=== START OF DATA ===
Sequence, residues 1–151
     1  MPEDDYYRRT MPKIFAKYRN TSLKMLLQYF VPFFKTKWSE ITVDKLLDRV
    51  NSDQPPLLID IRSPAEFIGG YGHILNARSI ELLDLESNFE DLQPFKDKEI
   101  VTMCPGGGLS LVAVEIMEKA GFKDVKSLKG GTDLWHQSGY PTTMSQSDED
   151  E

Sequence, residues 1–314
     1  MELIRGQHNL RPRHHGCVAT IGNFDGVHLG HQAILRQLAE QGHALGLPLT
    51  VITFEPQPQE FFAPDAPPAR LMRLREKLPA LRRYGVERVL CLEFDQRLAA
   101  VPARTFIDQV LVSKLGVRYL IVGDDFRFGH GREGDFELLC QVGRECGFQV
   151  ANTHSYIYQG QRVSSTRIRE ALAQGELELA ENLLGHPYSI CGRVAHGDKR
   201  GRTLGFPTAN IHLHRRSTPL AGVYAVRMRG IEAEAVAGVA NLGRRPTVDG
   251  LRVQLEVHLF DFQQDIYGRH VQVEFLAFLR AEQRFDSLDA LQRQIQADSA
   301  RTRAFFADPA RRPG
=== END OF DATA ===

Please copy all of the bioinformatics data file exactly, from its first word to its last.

Sequence, residues 1–151
     1  MPEDDYYRRT MPKIFAKYRN TSLKMLLQYF VPFFKTKWSE ITVDKLLDRV
    51  NSDQPPLLID IRSPAEFIGG YGHILNARSI ELLDLESNFE DLQPFKDKEI
   101  VTMCPGGGLS LVAVEIMEKA GFKDVKSLKG GTDLWHQSGY PTTMSQSDED
   151  E

Sequence, residues 1–314
     1  MELIRGQHNL RPRHHGCVAT IGNFDGVHLG HQAILRQLAE QGHALGLPLT
    51  VITFEPQPQE FFAPDAPPAR LMRLREKLPA LRRYGVERVL CLEFDQRLAA
   101  VPARTFIDQV LVSKLGVRYL IVGDDFRFGH GREGDFELLC QVGRECGFQV
   151  ANTHSYIYQG QRVSSTRIRE ALAQGELELA ENLLGHPYSI CGRVAHGDKR
   201  GRTLGFPTAN IHLHRRSTPL AGVYAVRMRG IEAEAVAGVA NLGRRPTVDG
   251  LRVQLEVHLF DFQQDIYGRH VQVEFLAFLR AEQRFDSLDA LQRQIQADSA
   301  RTRAFFADPA RRPG